Feminist artists have long pointed out that the term “craft” suspiciously seems to be applied to the work of women who are artists at a greater rate than to art made by their male contemporaries. This realization has lead to an exploration and revisiting of many artists, and to a widening definition of what could be considered art.

But probably a more substantial change was forced by economics: the traditional art market foundered around the same time e-commerce really took off. Artists found themselves in a situation where they couldn’t depend on the sales of their “major” works of art to get by; meanwhile, sites like etsy appeared, which offered artists a chance to sell cheaper versions of their work directly to the public without having to give a substantial cut to a gallery.

Suddenly, knowing how to make crafts became an honorable and respectable way to support yourself as an artist. Artists who had long scoffed at the convention of the museum giftshop, the online boutique, or the craft fair now suddenly saw them as the new frontier – a way to circumvent the structure of the art world and sustain their individual practice. (Many brick-and-mortar galleries have also embraced this idea as well, most notably Gagosian, which now has a storefront dedicated to inexpensive artists’ editions aimed at the general public. Of course, Gagosian shies away from any association with the etsys of the world, preferring to think of the work they offer as “limited edition multiples,” but in reality it works out to being much the same.)

With all this as background, I wanted to give crafts a try. Last year, I very timidly started an etsy store and put up a few handmade objects. They sold quickly even in the dead of summer, and I started to see the potential of working like this. So I decided to make a big leap and approach the idea head-on, and – with Shannon Broder – co-organized the Degenerate Craft Fair in December 2009.

This year, Shannon is organizing the fair by herself as part of her senior thesis. Some things remain the same, like the name (a silly joke for you art history nerds) and the premise (artists selling their work to the public in time for holiday gift-giving). Under her guidance, the fair has grown from about twenty vendors last year, to over 50 participants this year. She’s screenprinted hundreds of invitations and dozens of posters as well as producing her own work to be sold at the fair. At the completion of the fair, she will present the documentation of the whole project as her thesis, rendering the whole process into a kind of performance.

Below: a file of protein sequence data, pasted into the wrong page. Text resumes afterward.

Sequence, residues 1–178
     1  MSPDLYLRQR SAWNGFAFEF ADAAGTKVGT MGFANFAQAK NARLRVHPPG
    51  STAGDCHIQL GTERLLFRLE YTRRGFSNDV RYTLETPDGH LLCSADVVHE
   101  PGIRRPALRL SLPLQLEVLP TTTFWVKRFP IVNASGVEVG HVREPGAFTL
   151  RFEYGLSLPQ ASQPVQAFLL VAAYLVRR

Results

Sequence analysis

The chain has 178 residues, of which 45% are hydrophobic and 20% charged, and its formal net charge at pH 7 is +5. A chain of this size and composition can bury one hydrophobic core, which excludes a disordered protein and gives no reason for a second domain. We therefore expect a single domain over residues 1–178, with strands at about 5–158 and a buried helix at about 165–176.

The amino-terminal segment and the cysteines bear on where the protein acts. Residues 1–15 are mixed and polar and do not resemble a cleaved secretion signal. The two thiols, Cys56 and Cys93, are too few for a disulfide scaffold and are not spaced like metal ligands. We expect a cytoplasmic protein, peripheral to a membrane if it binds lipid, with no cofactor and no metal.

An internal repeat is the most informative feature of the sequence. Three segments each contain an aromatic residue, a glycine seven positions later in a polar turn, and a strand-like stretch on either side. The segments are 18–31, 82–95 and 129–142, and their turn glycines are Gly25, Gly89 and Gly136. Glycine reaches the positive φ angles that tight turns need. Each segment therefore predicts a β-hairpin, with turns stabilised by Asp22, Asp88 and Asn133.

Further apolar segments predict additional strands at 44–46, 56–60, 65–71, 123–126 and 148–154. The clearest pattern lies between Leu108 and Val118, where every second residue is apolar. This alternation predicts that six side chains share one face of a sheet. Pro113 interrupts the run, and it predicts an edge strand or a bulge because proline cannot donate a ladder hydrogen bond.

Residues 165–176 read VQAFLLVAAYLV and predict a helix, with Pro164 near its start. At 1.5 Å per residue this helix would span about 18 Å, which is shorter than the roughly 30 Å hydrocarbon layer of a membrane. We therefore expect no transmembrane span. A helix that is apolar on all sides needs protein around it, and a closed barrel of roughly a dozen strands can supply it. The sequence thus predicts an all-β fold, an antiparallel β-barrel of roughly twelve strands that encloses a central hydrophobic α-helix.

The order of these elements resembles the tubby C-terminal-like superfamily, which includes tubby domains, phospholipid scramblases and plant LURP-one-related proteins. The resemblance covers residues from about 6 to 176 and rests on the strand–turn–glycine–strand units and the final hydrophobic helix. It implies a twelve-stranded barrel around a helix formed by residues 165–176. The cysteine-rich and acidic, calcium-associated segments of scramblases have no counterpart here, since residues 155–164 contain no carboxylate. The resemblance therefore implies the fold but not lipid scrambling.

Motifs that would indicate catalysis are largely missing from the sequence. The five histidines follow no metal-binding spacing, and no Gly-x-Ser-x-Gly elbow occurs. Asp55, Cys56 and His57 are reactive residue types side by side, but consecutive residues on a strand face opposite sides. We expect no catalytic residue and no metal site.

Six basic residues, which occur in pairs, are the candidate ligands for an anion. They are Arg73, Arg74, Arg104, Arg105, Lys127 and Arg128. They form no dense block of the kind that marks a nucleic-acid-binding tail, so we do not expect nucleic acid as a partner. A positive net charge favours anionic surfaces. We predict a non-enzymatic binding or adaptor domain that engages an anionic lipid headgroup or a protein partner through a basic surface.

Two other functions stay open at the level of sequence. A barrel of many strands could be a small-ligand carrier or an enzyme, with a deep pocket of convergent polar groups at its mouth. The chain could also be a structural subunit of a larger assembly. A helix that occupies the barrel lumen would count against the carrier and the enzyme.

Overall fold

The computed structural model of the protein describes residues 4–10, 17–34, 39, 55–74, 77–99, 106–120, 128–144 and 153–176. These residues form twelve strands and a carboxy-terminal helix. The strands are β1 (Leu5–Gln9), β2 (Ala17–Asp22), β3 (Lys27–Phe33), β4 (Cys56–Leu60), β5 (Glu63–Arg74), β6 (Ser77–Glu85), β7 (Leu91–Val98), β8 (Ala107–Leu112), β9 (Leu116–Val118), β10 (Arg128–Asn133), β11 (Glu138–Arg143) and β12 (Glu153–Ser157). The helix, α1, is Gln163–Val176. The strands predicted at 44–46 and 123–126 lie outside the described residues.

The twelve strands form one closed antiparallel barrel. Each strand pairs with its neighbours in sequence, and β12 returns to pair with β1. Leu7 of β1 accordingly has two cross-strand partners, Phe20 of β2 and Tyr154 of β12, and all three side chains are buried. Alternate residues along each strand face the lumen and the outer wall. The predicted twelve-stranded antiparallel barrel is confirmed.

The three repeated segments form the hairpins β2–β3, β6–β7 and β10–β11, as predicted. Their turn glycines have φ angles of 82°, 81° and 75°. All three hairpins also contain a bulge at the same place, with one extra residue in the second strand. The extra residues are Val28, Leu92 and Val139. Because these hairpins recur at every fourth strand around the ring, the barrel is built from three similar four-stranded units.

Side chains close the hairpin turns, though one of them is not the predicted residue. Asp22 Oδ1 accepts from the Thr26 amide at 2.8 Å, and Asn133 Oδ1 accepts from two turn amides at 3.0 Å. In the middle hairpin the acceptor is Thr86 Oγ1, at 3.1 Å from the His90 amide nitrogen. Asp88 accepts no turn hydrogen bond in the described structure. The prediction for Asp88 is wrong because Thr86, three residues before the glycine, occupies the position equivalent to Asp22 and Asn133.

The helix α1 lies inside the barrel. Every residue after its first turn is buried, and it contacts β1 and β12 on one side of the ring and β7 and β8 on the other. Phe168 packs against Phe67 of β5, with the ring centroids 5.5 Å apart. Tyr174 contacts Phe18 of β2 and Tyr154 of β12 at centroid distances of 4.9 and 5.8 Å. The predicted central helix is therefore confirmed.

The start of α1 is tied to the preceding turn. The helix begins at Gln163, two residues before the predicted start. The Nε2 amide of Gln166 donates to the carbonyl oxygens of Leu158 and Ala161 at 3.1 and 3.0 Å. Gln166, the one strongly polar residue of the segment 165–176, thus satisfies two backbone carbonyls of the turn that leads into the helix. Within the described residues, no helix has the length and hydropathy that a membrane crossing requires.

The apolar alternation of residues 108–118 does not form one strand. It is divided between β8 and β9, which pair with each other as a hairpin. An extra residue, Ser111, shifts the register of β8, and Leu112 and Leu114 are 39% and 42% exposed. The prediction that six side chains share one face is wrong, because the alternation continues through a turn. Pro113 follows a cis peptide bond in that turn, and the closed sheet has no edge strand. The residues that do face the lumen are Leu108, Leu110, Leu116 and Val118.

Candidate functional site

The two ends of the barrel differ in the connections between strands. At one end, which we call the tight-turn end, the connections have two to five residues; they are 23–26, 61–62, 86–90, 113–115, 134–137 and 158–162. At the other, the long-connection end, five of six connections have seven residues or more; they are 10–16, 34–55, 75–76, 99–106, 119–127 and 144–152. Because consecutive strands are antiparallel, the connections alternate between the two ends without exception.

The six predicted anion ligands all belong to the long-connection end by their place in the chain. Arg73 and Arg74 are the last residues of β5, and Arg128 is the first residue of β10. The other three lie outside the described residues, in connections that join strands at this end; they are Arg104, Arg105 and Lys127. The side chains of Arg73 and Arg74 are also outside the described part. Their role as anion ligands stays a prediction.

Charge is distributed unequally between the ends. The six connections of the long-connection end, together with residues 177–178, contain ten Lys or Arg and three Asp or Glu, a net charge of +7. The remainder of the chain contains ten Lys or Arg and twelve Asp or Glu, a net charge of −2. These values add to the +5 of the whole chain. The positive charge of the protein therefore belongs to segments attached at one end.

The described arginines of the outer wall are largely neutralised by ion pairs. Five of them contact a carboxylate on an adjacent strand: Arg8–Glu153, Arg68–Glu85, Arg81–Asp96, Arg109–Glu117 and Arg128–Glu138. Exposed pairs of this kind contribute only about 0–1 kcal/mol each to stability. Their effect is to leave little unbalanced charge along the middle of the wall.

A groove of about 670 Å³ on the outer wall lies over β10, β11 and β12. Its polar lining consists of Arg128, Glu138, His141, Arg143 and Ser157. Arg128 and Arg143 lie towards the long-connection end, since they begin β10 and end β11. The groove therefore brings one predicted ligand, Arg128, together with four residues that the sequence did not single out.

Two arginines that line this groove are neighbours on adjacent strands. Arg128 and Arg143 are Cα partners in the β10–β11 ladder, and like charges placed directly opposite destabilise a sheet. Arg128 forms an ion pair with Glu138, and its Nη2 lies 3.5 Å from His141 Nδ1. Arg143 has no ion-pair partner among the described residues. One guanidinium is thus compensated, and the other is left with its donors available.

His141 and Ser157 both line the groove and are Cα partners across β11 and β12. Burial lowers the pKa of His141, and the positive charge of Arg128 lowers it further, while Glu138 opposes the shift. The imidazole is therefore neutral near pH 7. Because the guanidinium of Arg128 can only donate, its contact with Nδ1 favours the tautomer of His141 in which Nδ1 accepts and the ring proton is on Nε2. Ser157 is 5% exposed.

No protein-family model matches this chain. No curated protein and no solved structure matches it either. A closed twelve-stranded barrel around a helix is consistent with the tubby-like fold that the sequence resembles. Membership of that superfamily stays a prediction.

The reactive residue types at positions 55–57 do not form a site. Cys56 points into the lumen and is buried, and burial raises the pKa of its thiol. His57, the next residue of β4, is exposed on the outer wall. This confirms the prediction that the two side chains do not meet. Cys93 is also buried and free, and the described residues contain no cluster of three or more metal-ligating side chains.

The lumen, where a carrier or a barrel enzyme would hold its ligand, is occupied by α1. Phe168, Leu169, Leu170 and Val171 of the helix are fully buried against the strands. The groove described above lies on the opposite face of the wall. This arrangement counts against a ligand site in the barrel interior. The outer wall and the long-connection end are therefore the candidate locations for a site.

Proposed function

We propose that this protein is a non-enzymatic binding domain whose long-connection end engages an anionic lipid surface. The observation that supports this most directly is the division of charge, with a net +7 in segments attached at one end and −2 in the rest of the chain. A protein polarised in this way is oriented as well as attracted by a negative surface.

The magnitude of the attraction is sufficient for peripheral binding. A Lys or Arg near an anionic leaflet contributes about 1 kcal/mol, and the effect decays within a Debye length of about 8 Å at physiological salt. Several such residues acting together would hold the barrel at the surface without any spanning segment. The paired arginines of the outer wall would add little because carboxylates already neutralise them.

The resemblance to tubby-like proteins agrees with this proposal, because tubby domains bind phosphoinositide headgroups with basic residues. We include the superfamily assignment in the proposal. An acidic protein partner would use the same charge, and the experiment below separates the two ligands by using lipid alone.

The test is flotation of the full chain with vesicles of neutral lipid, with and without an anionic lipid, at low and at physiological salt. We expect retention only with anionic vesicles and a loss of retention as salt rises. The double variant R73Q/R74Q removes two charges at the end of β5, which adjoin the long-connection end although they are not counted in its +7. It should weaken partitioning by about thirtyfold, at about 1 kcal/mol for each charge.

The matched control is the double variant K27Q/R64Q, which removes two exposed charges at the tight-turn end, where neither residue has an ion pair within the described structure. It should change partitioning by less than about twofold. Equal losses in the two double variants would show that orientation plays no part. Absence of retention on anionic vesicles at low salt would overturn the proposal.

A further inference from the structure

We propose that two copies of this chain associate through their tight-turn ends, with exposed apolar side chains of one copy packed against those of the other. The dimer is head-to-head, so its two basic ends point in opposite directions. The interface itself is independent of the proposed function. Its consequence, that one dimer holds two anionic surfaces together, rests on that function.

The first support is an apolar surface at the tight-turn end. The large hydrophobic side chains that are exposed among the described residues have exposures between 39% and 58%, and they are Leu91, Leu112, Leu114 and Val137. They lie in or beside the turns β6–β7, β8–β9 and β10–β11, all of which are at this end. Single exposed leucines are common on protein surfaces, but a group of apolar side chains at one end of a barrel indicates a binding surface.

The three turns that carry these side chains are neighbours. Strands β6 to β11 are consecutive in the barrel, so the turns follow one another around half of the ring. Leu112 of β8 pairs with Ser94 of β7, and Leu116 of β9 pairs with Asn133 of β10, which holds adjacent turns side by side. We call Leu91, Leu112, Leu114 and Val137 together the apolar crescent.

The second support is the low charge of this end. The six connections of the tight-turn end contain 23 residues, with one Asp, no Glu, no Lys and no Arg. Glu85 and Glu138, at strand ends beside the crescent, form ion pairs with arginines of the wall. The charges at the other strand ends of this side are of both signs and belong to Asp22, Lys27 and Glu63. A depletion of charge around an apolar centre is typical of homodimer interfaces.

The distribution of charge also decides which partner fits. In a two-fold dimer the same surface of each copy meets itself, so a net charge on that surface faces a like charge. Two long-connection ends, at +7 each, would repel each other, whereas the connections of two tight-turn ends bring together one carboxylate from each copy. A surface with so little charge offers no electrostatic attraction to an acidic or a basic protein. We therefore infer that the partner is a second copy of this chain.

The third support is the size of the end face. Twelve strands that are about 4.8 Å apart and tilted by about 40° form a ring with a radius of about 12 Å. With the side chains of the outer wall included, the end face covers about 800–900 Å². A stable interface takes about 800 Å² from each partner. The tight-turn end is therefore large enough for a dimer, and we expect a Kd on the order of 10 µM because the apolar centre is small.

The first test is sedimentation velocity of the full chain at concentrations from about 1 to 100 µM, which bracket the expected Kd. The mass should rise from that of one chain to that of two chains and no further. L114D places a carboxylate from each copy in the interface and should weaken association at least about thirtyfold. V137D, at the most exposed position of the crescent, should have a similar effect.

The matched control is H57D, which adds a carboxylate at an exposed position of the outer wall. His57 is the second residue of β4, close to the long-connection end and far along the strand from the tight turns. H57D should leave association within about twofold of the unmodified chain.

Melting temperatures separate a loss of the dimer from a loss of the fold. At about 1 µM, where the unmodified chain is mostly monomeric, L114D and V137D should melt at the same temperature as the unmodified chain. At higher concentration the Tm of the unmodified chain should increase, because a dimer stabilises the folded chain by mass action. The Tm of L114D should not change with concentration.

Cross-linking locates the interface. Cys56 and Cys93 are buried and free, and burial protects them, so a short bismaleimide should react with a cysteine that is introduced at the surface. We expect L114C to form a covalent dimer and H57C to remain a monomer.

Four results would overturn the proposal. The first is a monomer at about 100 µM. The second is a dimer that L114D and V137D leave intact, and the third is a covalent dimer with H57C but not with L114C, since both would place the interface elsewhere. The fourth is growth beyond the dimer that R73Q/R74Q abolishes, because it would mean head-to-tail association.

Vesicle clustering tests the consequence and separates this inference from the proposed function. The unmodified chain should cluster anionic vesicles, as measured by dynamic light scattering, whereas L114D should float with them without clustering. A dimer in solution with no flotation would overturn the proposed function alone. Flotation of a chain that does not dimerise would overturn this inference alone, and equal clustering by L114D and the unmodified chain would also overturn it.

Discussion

Can the business of art be art itself? I think so. As artists have to shed old ways of doing business, why shouldn’t they add their creativity and energy to the new models they come up with? It’s part of the job of an artist to keep up with all the changes happening around us and to realize that the art world never stands still for long.



One of Alyse Anderson's digitally embroidered element pillows.

The Degenerate Craft Fair will be held at DCTV Firehouse on 87 Lafayette Street (between Walker and White Streets), on Saturday December 11 and Sunday December 12, 2010. To see the fair’s schedule and get subway directions, check out the “about” page on the DCF web site.

Vendors will include SVA alumni Alyse Anderson, Nina Carelli, Renee Delosh, James Farais, Lauren Fatzinger, Peter Hristoff, Yura Osborn, Panayiotis Terzis and Amy Wilson. A complete list of participating artists can be found here. You can also see examples of some of the works that will be available there at the fair’s Flickr photo stream.

An ornament from BioLove, one of this year's DCF participants.

A book by Sarah Vogwill, another DCF participant.

Visual & Critical Studies